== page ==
Give the 110th Congress and the White House a little credit: we're seeing more information on earmarks than we ever have before. Our friends at Taxpayers for Common Sense just added to their comprehensive compendium of earmarked appropriations a batch from the Senate Commerce, Justice, Science and Related Agencies bill (their analysis of that bill is here). Even though the Senate has yet to formally pass its earmark reform measures (in part because Sen. Jim DeMint is holding out for quicker adoption of the rule), the Senate Appropriations Committee has been publishing information on earmarks, including the financial disclsoure letters Senators file when requesting them. The Office of Management and Budget, meanwhile, emails to alert us to new information available on their Earmarks Database:
1) FY08 Appropriations Earmarks: The database will now show earmarks as they move through the FY08 appropriations process. The number of earmarks and the dollar value of those earmarks can be viewed as a bill moves through the legislative process. 2) Earmarks for FY05 Selected Authorization Bills: The second change is that earmarks for selected authorization bills resulting in expenditures in 2005 have been posted to the database. This is an expansion beyond appropriations legislation, recognizing that while most earmarks appear in annual appropriations bill, some appear in authorization legislation. These new authorization bills include the Safe, Accountable, Flexible, Efficient Transportation Equity Act: A Legacy for Users (SAFETEA-LU) and the Farm Security and Rural Investment Act of 2002.
OMB has also started tracking all the changes they make to the database — definitely a handy thing to have. It's clear that transparency is more important than ever, as it appears that more and more members are relying more and more on earmarks. Mark Tapscott emailed a fascinating Examiner editorial (don't be fooled — there's far more fact than opinion in it) and accompanying stat sheet from Porkbusters that tells us:
Congress appears headed to approve a record number of earmarks in 2007, despite the fact that last November angry voters registered their disgust with the practice by electing Democrats who pledged a new era of transparency in government spending. A quick glance at The Examiner Newspapers/Porkbusters.org Earmark Reform Index for the U.S. Senate helps explain why. Two-thirds of the senators are adamantly opposed to reforming their appropriations perks, no matter what the public says…. The index is based on how senators voted on 12 key earmark reform opportunities in recent years. The selected votes include tallies on the infamous Bridge to Nowhere in Alaska, the Railroad to Nowhere in Mississippi, the Iraq emergency supplemental bill and the baubles attached to the Pentagon spending bill. Seven of the votes are from 2007, two are from 2006 and three are from 2005.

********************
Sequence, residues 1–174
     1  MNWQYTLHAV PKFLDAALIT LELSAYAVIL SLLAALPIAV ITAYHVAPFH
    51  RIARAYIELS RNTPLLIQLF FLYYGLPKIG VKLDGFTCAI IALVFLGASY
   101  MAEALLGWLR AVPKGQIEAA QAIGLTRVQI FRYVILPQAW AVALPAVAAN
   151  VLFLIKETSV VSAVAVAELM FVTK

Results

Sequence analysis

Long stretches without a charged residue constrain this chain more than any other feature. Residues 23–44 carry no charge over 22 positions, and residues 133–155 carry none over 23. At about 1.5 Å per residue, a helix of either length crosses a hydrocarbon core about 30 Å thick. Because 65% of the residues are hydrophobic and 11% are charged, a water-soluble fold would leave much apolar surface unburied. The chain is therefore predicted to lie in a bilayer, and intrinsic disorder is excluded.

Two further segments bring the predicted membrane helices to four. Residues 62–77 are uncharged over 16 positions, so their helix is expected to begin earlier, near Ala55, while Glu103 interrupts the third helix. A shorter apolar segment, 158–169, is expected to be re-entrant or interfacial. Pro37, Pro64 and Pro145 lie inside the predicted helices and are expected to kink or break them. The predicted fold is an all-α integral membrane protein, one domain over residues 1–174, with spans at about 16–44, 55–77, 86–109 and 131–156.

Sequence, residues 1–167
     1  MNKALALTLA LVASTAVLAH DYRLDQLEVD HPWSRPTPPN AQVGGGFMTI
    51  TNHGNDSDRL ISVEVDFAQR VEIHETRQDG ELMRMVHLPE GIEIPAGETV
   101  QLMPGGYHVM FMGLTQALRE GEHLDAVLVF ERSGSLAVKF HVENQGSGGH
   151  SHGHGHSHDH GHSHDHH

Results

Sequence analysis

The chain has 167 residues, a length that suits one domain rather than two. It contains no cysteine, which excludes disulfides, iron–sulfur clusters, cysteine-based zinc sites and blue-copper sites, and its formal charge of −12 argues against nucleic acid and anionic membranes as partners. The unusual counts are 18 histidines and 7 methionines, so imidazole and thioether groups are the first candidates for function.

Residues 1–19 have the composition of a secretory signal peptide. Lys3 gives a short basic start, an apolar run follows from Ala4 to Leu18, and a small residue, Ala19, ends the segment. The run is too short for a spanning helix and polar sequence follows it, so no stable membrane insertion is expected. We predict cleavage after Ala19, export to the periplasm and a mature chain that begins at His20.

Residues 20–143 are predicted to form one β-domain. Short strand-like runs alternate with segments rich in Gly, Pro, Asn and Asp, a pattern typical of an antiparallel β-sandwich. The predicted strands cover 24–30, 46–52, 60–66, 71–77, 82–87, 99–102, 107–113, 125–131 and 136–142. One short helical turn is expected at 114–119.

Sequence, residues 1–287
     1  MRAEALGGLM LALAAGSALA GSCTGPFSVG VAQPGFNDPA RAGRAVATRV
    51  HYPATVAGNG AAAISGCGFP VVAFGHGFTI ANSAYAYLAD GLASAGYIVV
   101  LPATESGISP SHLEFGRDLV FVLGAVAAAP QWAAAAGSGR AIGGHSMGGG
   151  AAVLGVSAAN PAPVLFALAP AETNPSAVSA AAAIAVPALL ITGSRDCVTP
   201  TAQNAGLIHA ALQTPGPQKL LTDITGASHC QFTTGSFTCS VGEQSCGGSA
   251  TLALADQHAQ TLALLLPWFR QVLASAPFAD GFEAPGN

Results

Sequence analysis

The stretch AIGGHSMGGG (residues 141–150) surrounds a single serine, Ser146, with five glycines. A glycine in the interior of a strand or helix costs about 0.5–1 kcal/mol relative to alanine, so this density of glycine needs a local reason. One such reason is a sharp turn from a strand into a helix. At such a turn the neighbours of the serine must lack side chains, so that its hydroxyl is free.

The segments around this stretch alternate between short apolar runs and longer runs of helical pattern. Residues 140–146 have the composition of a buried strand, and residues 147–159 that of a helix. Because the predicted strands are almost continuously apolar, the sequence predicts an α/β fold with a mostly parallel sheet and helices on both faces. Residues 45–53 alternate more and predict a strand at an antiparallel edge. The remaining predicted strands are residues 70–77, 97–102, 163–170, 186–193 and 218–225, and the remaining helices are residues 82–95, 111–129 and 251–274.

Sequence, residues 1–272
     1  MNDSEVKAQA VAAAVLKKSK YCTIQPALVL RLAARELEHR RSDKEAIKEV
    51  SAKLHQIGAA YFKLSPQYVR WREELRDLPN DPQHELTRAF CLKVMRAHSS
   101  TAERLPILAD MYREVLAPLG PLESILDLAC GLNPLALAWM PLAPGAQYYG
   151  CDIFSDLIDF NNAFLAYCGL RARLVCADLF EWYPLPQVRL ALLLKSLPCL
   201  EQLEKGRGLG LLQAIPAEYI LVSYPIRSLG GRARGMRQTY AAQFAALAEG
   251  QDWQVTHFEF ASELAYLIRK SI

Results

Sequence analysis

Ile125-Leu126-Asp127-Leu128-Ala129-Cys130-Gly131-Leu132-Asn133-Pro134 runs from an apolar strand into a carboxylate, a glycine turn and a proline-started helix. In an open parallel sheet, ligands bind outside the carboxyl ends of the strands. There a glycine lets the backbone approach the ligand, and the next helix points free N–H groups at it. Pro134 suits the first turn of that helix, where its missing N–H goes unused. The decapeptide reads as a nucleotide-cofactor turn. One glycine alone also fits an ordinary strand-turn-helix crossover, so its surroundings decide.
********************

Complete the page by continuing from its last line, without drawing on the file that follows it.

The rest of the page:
Given that Congress is hooked on earmarks, it's important that constituents know how their elected lawmakers are spending their money as early as possible — so they can remind members of what local priorities really are. Ed Frank of Americans for Prosperity sent word of a questionable earmark requested by Rep. Nancy Boyda to commit $1.18 million to build a "Regional Prisons Museum" in Lansing, Kan.
According to media accounts, the Museum would be built on the grounds of the Lansing Correctional Facility and would feature a fake prison yard with imposing 12-to-14-foot-tall stone walls, two fake guard towers, prison cells and a gallows chamber. Construction costs are expected to exceed $3 million. Readers who posted comments on the Leavenworth Times’ recent online article about the project questioned its viability, calling it a “waste of MY money,” a “useless museum,” and writing that it will add “NOTHING in the way of real jobs or useful work.”
I happen to think that prisons are something worthy of more study and attention, but that said, it's hard for me to imagine that there aren't better uses for that $1.18 million. Thanks to better disclosure, Boyda's constituents can see how she spends their money–and decide whether they support her priorities.